Utopian visions of seamless futuristic healthcare imagine slick systems which allow doctors to spend more time with patients and offer increasingly holistic care. It’s a fine theory.
But talk to today’s healthcare professionals and their reality is infuriatingly slow computers, when they don’t crash, often providing incomplete patient data. Doctors can be left sifting through paper-based records to fill gaps. Some question whether technology really helps.
The BMA report Getting IT Right found more than 13.5 million working hours are being lost each year from inadequate IT systems and hardware in England alone, the equivalent of almost 8,000 full-time doctors. In monetary terms, that’s nearly £1bn – or roughly the cost of restoring junior doctors’ pay to 2008 levels.
Previous attempts to digitise the NHS – the world’s largest single set of such personal data – stretch back to New Labour. Various reviews suggesting overhauls have come and gone.
Yet with COVID lockdowns accelerating the uptake of digital technologies in everyday life for doctors and patients, plus the vaccination rollout leading to 30 million people now using the NHS App, could technology’s day in the NHS have finally arrived? Doctors think so.
More than 94 per cent of respondents to the BMA’s report agreed IT and digital can help tackle the now 7.1 million record backlog. More than half (57 per cent) believe the effects could be ‘significant’.
The Government agrees and – with a severe shortage of doctors and nurses, who take years to train – had set aside £2.1bn from the now-scrapped health and social care levy for digital transformation.
Prime minister Rishi Sunak (who introduced the levy as chancellor) and current chancellor Jeremy Hunt (the former health secretary) have assured MPs the levy’s repeal will not reduce NHS funding; however, high inflation means budgets will be squeezed in real terms.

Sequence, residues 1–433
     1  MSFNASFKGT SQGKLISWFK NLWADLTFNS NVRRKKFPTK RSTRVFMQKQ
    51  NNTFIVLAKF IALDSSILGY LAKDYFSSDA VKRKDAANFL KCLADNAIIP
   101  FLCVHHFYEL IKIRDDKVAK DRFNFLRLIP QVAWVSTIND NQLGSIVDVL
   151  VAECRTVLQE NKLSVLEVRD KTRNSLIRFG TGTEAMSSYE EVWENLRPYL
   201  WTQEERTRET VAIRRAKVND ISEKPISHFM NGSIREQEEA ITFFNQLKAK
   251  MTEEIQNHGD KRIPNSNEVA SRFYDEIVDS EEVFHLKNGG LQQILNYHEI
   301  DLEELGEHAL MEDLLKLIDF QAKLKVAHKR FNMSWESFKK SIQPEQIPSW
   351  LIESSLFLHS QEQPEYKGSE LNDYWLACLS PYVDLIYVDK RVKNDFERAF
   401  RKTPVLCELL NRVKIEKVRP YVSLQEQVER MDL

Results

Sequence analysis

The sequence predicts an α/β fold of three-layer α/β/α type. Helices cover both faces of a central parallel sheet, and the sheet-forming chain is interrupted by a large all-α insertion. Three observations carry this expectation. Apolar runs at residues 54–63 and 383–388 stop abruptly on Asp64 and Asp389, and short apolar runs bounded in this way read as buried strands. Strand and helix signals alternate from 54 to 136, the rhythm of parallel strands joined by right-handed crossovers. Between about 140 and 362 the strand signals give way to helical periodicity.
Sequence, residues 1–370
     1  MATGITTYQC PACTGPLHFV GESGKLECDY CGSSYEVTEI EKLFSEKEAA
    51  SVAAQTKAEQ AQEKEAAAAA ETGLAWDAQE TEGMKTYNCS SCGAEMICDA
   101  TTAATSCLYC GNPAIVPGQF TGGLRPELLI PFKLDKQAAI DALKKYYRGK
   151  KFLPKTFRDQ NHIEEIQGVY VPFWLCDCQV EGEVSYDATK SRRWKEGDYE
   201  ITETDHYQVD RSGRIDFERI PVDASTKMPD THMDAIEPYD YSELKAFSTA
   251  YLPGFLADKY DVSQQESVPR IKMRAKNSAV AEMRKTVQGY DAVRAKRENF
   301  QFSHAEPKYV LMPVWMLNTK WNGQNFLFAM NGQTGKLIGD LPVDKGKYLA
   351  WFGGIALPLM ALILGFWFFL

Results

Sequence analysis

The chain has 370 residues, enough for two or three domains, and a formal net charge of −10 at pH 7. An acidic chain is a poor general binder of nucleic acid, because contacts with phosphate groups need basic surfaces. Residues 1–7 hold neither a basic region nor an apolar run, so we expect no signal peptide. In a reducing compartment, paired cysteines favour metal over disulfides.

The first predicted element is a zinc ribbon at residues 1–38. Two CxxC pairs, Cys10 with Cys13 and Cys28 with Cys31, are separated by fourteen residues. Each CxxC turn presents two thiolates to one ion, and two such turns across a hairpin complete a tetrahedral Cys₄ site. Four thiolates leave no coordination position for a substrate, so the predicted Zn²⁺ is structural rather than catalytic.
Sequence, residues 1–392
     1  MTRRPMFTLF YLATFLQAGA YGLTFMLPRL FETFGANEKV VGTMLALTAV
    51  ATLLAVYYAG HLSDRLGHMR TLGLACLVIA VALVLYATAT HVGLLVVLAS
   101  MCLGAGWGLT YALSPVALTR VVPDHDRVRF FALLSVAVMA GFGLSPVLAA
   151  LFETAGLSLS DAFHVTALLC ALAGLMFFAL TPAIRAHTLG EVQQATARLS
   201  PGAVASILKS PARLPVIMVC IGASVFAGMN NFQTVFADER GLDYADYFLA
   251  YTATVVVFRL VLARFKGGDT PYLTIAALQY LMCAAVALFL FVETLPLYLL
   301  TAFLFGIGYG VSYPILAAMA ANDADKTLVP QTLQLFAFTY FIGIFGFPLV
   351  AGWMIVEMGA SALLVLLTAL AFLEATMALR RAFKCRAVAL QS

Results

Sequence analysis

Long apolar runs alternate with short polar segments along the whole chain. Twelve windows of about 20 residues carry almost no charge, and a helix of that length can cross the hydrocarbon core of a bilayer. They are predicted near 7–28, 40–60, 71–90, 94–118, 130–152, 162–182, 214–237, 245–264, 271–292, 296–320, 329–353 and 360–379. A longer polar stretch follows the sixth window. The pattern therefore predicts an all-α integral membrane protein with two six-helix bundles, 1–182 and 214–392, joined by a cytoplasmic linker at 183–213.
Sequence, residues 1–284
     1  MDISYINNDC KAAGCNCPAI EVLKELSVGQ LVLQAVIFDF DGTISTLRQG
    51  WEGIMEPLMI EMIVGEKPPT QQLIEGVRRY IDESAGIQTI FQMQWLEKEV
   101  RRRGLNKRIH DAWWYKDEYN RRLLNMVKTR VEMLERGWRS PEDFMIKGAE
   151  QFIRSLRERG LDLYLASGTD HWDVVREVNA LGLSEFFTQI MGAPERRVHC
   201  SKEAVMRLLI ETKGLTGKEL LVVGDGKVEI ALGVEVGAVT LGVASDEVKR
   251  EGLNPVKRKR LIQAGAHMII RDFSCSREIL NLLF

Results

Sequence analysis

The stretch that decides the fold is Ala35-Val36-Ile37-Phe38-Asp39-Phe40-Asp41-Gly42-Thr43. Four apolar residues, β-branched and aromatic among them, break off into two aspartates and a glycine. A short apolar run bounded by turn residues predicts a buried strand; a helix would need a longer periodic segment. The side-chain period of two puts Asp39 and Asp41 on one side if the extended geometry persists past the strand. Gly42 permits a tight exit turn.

Cambridge University Hospitals NHS Foundation Trust was an early adopter of digital advancements and is graded level 7 (the highest) by HIMSS (Healthcare Information and Management Systems Society).
Chief clinical information officer Afzal Chaudhry, a consultant nephrologist, says the problem was identified 12 years ago.
Systems were ‘barely adequate for what we were doing in 2010’ so ‘weren’t going to be adequate for 2015 or 2020’, he says. For Dr Chaudhry, ‘glossy tech’ isn’t the point.
Cambridge focused on making day-to-day workflows more efficient but ‘needed a clear central vision’ for all clinical, reporting and analytical staff. ‘Everybody needed to be part of the transition,’ he says.
The NHS hasn’t invested in technology as it has been seen as riskyDr Koczan
Convincing them was the hardest step, he recalls. ‘There are hundreds of reasons for not doing something on this scale.
The only way was to build a strong coalition that believes this is the right thing to do.’ One example is Dr Chaudhry’s weekly clinic for 80 patients, which offers test results online.
‘Before, about half of patients would phone the next day. Now, they don’t have to.’ There are also cost and environmental savings. Cambridge sends one million fewer letters and documents per year, saving £165,000 in printing and posting and £288,000 in staff phone call time.
In a 21-month period 296,183 PCR COVID test results went out, more than 19,700 vaccination appointments were booked across the Cambridgeshire & Peterborough ICS (Integrated Care System), estimated to have saved £53,500.
Phil Koczan, London GP and digital clinical champion for primary care digital transformation at NHS England, says changes must come one step at a time. But he believes a giant leap was made during COVID.
‘If you go back four to five years, there was a lot of concern between GPs about sharing data. A lot of those concerns about whether sharing data or not is the right thing to do have gone. Now, it’s not about whether or not we share data but how we do it safely,’ he says.
‘Technology can do a lot more than we use it for. In the past the NHS hasn’t invested in technology as it has been seen as risky, and quite rightly we haven’t pushed the boundaries. What COVID has taught us is we need to maximise clinicians’ time – and make technology as easy as possible to use.’
A major issue the BMA’s report identifies is ‘interoperability’ – how different systems used across primary and secondary care (such as TPP’s SystmOne and EMIS) ‘talk’ to each other. Doctors say they don’t. Asked for one change they want to see in the next five to 10 years, responses included ‘one IT system for all functions’ and ‘a nationalised NHS IT service accessible by primary and secondary care’.